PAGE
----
Pipeline Drama Casts Shadow Over Oil Industry

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While thousands of protesters camp in tents and tepees to protest the Dakota Access Pipeline in North Dakota, the oil industry continues to advocate for the pipeline's construction.

Amy Sisk/Inside Energy

While thousands of protesters camp in tents and tepees to protest the Dakota Access Pipeline in North Dakota, the oil industry continues to advocate for the pipeline's construction.

The 450 people gathered at the North Dakota Petroleum Council's annual meeting heard several speakers address the Dakota Access Pipeline.

Amy Sisk / Inside Energy

The 450 people gathered at the North Dakota Petroleum Council’s annual meeting heard several speakers address the Dakota Access Pipeline.


The Obama Administration’s decision to temporarily halt construction on part of the 1,200-mile Dakota Access Pipeline has the oil industry on edge.

It was evident at the North Dakota Petroleum Council’s annual meeting, where the pipeline protests cast a shadow over an industry struggling amid low oil prices.

“[The pipeline is] very critical to being in place for any kind of recovery and growth in the Bakken production here,” said Jack Stark, president of Continental Resources, one of the largest oil producers in the state.

He told the 450 in attendance that Bakken crude needs to get to market, and the Dakota Access Pipeline will cut transportation costs. As a result, it will put North Dakota oil on a more level playing field with the rest of the country, he said.

The pipeline is supposed to carry half the state’s daily crude production to Illinois.

“We haven’t had enough pipeline capacity,” said Andy Black, president of the national Association for Oil Pipe Lines. “So that meant that crude oil couldn’t get moved to where it could be turned into products for consumers. Or it had to go on modes that cost more and weren’t quite as safe.”

Those modes include rail or truck. When they crash, they can be deadly, like the 2013 fiery oil train derailment in Quebec that killed 47 people.

The boom in shale oil and gas production in North Dakota was followed by a boom in pipeline construction here — 1,400 new miles built over the past five years, according to data from the Pipeline and Hazardous Materials Safety Administration. More oil is transported by pipeline now than rail.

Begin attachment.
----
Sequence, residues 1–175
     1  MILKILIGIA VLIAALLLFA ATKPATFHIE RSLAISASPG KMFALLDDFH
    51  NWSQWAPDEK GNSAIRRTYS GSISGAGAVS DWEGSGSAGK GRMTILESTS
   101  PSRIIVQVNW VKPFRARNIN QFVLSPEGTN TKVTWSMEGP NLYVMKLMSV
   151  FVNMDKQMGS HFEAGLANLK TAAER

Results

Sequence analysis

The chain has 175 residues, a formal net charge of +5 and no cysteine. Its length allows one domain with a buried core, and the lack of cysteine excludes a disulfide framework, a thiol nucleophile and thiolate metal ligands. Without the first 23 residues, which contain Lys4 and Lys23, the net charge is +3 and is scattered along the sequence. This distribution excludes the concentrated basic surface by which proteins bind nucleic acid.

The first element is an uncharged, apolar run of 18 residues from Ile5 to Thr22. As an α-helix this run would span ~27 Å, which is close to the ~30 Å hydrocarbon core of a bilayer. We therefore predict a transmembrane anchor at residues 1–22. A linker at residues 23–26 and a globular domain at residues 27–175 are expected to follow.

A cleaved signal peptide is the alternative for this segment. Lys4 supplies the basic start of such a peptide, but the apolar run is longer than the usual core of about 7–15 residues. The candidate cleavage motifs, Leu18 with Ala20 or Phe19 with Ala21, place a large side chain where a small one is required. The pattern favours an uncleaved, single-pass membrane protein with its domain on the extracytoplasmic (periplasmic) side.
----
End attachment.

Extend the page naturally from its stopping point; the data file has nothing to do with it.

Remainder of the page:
Still, pipelines aren’t totally safe. Federal data shows 77 spills or other significant incidents with crude lines just last year, though zero fatalities.

That risk concerns the thousands of protesters camped on the North Dakota prairie who oppose the Dakota Access Pipeline.

While thousands of protesters camp in tents and tepees to protest the Dakota Access Pipeline in North Dakota, the oil industry continues to advocate for the pipeline's construction.

Amy Sisk / Inside Energy

While thousands of protesters camp in tents and tepees to protest the Dakota Access Pipeline in North Dakota, the oil industry continues to advocate for the pipeline’s construction.

Like them, landowner Tom Wheeler was once skeptical of pipelines.

“I was definitely against pipelines,” he said. “I did not want my land tore up with these pipelines. But in the end you have to have pipelines in order to save the roads.”

A few years back, large trucks carried oil past his house in the Bakken. Traffic’s since died down and the potholes disappeared now that oil, gas and wastewater lines cross his property.

Now, he’s OK with projects like Dakota Access.

“It’s going to get the crude oil to the places that need it, can use it,” he said. “If we could use it all in North Dakota, it wouldn’t matter. But we can’t.”

Dee Beckler lives near the protest camps in North Dakota. She's working on an outhouse next to her home and has to had to cross through a traffic checkpoint set up amid the protest to get supplies.

Amy Sisk / Inside Energy

Dee Beckler lives near the protest camps in North Dakota. She’s working on an outhouse next to her home. To get supplies, she’s had to cross through a traffic checkpoint set up amid the protest.

That’s the attitude shared by some North Dakota residents like Dee Beckler who live near the protest camps along the Missouri River.

“I have very good friends that are Natives, but I disagree with what’s going on right now with them,” she said.

Protesters camped a few miles south of her home worry a potential spill would contaminate the Standing Rock Sioux Reservation’s drinking water. The tribe has sued, trying to stop the project from crossing under the river upstream.

“We all just think it’s ridiculous that we’ve got be on pins and needles down here not knowing what is going to happen,” Beckler said.

Meanwhile, she’s trying to finish work on an outhouse next to her home.

To get supplies, she has to drive through a national guard checkpoint. North Dakota’s Guard arrived earlier this month to relieve law enforcement who were manning the zone. They say they’re there to ensure public safety.